Local schools can serve as an indicator of both economic health and economic potential, but they can also boost a local economy.
The George W. Bush Presidential Center published a 2016 briefing that discussed studies showing the economic benefits of investment in education from kindergarten through 12th grade.
Some of the economic growth relates to improvement in the workforce, the briefing noted.
On the opposite side of the political spectrum, a 2015 Atlantic article noted the potential benefits to local economies of having more skilled workers entering the economy.
Citing a paper by Eric A. Hanushek of Stanford, and Ludger Woessmann and Jens Ruhose of the University of Munich, the Atlantic article states that the paper showed significant economic gains from investment in primary and secondary education.
In their research, they showed that the number of years of schooling are not nearly as important as the quality of the education students receive.
But schools do a lot more than prepare students for a job. They provide them basic skills of citizenship, foster civic pride and engage young people as community members, teaching them the values that hold their communities together.
“The communities I’ve lived in, the schools are a reflection of the community,” said Craig Barringer, superintendent of Libby Public Schools.
So when families are looking to relocate, they want to know about the schools and tour them, Barringer said.
“The condition of our schools is important, the quality of what we do in the schools is important, and the people we have in the buildings is important,” he said.
Research shows how much local schools can be a central focus of potential economic development, he said.
Even as many school systems across the country have cut or completely eliminated their trades programs, the industrial arts classes in Libby and Troy have only been improving their numbers.
Barringer said that there has been emphasis at the state level in the past five years that has helped with the focus on those programs locally.
“We’re realizing, as an educational world, that we need to turn out people in the vocational fields, as much as we need to turn out people who are going to go on to four-year colleges,” Barringer said.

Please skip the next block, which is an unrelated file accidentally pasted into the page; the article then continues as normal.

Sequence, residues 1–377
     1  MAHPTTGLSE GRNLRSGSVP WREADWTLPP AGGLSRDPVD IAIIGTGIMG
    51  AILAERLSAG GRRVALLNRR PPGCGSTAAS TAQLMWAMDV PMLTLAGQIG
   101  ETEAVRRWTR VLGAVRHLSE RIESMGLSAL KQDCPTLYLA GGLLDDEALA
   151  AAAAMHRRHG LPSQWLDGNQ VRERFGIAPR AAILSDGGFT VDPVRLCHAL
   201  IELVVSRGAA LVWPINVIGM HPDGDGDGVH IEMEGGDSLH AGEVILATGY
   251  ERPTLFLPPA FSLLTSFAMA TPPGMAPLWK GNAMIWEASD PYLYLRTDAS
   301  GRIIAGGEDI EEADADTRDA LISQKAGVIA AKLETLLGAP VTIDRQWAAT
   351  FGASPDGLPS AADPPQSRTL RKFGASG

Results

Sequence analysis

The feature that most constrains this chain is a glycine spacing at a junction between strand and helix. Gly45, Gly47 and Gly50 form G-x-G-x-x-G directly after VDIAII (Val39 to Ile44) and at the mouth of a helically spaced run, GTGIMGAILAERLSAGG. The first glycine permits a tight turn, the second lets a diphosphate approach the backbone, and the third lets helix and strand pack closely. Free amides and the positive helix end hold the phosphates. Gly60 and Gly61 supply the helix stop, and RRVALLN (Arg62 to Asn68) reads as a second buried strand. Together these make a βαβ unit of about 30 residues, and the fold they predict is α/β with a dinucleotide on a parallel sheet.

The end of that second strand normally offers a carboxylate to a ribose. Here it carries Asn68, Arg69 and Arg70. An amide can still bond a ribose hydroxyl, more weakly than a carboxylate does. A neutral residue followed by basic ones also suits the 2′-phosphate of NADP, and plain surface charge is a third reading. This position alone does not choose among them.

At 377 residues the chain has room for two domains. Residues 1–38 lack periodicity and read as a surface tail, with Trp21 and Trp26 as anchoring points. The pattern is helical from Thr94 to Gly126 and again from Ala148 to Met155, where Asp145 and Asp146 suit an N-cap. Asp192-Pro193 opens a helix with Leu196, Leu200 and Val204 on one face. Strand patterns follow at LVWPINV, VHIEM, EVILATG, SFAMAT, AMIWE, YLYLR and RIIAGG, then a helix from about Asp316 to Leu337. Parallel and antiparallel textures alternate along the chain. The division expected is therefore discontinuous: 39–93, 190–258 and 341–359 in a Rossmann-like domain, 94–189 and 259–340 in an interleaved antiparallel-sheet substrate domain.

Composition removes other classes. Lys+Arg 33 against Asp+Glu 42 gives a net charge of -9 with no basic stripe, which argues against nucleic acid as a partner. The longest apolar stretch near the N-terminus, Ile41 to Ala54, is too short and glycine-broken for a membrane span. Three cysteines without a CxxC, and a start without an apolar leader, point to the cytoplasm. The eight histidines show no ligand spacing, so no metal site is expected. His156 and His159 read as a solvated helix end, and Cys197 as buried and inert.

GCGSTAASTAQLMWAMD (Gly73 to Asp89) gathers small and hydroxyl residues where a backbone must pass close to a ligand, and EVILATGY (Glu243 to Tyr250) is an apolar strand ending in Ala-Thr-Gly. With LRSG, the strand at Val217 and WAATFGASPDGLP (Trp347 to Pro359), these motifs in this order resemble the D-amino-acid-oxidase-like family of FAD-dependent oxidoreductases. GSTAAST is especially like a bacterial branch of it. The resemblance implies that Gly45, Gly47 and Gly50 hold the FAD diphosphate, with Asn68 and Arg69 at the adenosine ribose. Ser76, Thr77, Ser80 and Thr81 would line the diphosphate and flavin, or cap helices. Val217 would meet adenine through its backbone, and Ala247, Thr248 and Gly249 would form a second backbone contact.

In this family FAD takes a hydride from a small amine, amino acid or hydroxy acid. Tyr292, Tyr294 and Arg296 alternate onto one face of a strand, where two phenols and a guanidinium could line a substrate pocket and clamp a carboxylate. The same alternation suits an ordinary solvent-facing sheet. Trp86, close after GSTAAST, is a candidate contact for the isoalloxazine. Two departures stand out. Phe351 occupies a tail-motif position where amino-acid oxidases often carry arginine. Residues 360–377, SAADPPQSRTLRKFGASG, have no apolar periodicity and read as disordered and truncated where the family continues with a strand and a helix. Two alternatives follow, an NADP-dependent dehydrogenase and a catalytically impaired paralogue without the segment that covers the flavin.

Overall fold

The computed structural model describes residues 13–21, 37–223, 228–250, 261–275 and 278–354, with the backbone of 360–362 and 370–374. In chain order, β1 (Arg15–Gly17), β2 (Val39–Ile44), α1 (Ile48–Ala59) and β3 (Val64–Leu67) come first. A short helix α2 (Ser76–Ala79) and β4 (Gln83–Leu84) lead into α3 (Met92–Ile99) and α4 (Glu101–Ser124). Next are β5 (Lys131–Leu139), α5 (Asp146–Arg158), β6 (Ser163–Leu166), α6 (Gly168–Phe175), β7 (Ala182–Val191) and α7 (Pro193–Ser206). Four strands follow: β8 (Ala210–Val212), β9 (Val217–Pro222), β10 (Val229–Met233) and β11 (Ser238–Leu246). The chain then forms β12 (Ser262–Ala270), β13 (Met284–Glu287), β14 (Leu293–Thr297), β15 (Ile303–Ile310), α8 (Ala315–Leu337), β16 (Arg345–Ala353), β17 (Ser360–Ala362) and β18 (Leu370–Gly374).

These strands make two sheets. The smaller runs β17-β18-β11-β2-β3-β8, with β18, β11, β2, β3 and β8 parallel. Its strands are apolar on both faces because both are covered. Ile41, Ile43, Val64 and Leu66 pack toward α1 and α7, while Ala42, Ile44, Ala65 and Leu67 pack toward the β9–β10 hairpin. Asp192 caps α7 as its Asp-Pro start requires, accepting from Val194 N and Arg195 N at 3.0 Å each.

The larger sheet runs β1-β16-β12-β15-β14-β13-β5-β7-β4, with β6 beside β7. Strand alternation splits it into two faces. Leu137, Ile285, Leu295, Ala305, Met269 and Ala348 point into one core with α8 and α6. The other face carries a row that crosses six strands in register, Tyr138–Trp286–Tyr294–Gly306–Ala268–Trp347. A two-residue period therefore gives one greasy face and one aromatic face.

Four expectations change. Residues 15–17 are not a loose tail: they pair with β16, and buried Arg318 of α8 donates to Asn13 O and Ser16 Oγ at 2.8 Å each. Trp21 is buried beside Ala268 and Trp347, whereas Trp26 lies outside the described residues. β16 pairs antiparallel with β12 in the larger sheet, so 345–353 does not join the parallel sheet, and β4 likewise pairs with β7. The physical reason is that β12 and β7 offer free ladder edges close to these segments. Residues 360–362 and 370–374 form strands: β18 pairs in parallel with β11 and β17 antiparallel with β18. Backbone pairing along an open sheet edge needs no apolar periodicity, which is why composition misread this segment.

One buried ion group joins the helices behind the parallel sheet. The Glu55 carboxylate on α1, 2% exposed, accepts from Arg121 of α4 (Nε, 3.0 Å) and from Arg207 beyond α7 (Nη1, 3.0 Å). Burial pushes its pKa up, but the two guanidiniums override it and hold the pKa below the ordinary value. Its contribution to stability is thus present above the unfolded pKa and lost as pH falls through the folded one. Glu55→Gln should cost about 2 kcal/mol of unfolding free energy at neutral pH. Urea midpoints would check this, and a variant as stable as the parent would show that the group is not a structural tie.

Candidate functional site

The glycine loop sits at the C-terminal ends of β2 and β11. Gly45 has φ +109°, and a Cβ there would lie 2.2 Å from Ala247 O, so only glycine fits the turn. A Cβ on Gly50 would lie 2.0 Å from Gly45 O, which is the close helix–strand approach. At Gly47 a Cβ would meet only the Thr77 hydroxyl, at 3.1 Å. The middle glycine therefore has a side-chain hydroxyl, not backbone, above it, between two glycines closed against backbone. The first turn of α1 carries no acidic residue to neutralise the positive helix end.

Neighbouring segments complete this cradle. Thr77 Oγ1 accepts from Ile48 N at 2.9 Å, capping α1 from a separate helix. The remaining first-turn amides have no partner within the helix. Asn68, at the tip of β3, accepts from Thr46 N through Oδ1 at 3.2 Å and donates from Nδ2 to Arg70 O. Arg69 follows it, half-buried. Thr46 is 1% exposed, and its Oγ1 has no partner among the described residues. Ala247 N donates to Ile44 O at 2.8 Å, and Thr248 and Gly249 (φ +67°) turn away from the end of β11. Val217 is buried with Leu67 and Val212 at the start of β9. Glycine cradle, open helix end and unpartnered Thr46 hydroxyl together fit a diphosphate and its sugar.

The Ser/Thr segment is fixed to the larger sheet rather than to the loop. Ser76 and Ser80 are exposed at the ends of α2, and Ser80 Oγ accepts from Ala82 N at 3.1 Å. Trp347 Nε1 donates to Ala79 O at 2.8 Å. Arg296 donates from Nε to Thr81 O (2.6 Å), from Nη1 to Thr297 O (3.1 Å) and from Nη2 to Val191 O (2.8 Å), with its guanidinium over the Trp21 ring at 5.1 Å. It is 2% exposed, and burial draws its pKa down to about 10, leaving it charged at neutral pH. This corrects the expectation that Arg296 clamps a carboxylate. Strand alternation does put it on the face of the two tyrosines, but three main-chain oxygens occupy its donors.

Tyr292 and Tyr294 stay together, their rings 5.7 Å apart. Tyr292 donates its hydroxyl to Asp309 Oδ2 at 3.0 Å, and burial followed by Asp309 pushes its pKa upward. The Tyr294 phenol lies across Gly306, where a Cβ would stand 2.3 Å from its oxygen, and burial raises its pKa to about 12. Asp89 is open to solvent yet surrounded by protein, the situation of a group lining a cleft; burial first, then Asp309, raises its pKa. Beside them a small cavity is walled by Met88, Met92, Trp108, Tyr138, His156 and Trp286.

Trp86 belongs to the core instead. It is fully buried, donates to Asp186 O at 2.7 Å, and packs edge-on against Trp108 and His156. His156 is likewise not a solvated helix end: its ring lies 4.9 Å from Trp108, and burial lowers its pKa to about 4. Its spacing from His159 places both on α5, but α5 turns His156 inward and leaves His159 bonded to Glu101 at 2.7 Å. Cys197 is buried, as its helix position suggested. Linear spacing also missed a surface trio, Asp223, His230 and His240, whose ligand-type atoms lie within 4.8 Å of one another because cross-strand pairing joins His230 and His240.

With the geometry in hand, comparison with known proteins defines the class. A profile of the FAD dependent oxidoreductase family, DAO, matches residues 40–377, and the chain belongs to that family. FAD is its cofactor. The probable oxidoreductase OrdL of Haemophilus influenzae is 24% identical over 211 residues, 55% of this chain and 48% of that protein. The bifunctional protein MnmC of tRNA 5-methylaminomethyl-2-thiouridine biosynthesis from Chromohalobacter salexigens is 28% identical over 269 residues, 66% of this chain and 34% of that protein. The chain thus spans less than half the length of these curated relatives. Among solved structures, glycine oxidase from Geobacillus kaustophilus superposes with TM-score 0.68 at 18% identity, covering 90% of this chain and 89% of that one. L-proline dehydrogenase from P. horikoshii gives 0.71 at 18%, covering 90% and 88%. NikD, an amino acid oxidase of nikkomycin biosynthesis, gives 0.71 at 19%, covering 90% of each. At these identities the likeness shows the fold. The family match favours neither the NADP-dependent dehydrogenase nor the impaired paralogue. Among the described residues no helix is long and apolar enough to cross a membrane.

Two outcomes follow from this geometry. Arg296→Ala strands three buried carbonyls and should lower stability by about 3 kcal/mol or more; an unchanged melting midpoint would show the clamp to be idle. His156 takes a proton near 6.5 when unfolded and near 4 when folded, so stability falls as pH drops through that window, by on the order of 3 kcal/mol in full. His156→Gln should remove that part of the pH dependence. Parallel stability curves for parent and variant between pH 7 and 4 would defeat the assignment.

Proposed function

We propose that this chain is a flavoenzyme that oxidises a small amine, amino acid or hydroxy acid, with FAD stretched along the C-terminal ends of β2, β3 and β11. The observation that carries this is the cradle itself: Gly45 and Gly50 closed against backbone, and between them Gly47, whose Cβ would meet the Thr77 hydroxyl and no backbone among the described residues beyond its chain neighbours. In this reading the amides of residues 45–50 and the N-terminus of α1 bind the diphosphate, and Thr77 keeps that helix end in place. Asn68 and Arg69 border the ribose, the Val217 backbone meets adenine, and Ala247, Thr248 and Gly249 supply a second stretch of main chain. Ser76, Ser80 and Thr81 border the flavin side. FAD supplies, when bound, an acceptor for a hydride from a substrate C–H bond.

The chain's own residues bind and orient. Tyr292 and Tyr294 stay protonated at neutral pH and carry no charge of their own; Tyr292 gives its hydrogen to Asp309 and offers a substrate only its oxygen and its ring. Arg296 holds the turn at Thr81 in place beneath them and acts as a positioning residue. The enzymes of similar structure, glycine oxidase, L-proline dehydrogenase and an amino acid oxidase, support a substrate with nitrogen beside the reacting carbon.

Jacob Francom, superintendent of Troy Public Schools, talked about the role schools have as community rallying points.
“The school is kind of like the heartbeat of the community,” he said. Activities and community identity can be tied closely to local schools.
In preparing students for the workforce, Francom said everything the faculty does — whether preparing them for college or a trade — contributes toward that goal.
Even in making a community more welcoming to businesses, the schools have a role, he said. By seeking the infrastructure improvements they need for education — such as improvements to broadband service — the school can be a voice advocating for improvements that benefit the entire community.
“A lot of these kids, they want to stay here in Troy — there’s just not many jobs,” he said.
Some find a sort of compromise instead of moving away completely, either commuting hours to a job or spending months or weeks away from the home they love to work the job they need, he said.
“People do want to raise their families in a community like this,” Francom said.
Francom said Troy school faculty are also aware of how even the outward appearance of the school gorunds — let alone the performance of the students — not only reflect but impact the community’s sense of pride in who they are.
As Lincoln County works toward the next steps in the Growth Policy and Comprehensive Economic Development Strategy planning process, The Western News will run a series of articles exploring the challenges and opportunities that relate to economic growth and vitality. We will also look at some of the community organizations and government entities that play a role in the economic and social health of the community.
If you have suggestions for subjects you think should be brought into the discussion, please contact your editor, Ben Kibbey, at 406-334-0956 or firstname.lastname@example.org.
More information about the Growth Policy and CEDS can be found at planlincolncounty.com.